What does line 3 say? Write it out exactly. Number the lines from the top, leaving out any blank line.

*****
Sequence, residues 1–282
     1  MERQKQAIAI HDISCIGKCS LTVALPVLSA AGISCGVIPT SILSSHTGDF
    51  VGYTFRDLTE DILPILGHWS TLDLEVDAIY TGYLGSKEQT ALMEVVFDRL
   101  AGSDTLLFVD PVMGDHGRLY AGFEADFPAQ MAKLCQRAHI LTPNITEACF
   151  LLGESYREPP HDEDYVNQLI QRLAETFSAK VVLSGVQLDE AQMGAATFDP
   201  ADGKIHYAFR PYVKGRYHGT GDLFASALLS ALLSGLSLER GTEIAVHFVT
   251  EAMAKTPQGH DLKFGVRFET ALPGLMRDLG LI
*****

    51  VGYTFRDLTE DILPILGHWS TLDLEVDAIY TGYLGSKEQT ALMEVVFDRL